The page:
Anthony Kennedy Retiring? Supreme Court Justice's Retirement Would Allow Trump To Stack Court With Conservatives

Anthony Kennedy Retiring? Supreme Court Justice’s Retirement Would Let Trump Stack Court With Conservatives

Anthony Kennedy could soon be retiring, leaving a vacancy on the Supreme Court and giving Donald Trump the chance to add another member to the court after already placing one within his first 100 days.

The Supreme Court has less than a week remaining before adjourning for the summer, and there are intensifying rumors that Kennedy may be planning to retire sometime shortly afterward. Trump just nominated Neil Gorsuch to the seat vacated in early 2016 with the death of Antonin Scalia, and Kennedy’s retirement would give him the chance to add another conservative member and shift the balance for the foreseeable future.

Kennedy, who will turn 81 in July, has been on the court for close to three decades and those close to the justice say he is strongly considering retirement, the New York Daily News reported. Other sources close to Anthony Kennedy have also told CNN that the Supreme Court justice is “seriously considering” retiring.

Those close to Anthony Kennedy said a decision on his possible retirement could be coming very soon.

“Soon we’ll know if rumors of Kennedy’s retirement are accurate,” Orin Kerr, a former clerk to Kennedy and now a law professor at George Washington University, wrote on Twitter.

If the rumors are true, Anthony Kennedy’s retirement could have an enormous impact on the makeup of the Supreme Court. Donald Trump’s selection of Neil Gorsuch did little to actually change the ideological bend of the court, as he was replacing conservative Scalia. But Kennedy has been an important vote for many progressive issues.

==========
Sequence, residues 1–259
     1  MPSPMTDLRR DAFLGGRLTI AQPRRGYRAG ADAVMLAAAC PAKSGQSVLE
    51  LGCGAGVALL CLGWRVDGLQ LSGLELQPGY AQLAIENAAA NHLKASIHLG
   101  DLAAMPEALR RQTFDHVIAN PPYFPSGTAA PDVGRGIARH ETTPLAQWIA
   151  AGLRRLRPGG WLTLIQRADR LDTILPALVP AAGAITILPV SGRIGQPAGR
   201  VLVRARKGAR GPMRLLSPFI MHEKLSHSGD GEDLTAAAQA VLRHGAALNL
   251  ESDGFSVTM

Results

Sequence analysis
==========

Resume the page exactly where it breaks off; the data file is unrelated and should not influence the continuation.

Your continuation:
Many experts predicted with Trump’s election in November that the court could shift sharply to the right, changing the makeup for decades.

“On the brink of having the first liberal-leaning Supreme Court in decades, the judicial left has now been banished to the wilderness for perhaps decades more,” Barry Friedman, a law professor at New York University, told the New York Times shortly after Trump’s victory in November. “It is difficult seeing a path to anything other than a yet more conservative court for the imaginable future.”

“In the worst case, we end up with a 7-2 conservative court, and a relatively young one at that,” Friedman added. “This could be a typhoon for the Supreme Court. An already very conservative jurisprudence will deepen and may broaden, encompassing areas that had long been resistant, such as abortion rights.”

The idea of a conservative-leaning Supreme Court was a rallying point both for Trump supporters and Hillary Clinton supporters leading into the 2016 election, with both sides seemingly allowing Scalia’s seat to remain vacant for the next president to fill. Republicans took the unprecedented step of refusing to fill the seat during an election year and Democrats offered little in the way of resistance, allowing both sides to gamble on winning the presidency and filling the seat.

If Anthony Kennedy is considering retirement, the Supreme Court justice is keeping those plans close to the vest. Newsweek noted that he has declined to answer questions about his future on the court.

[Featured Image by Eric Thayer/Getty Images]

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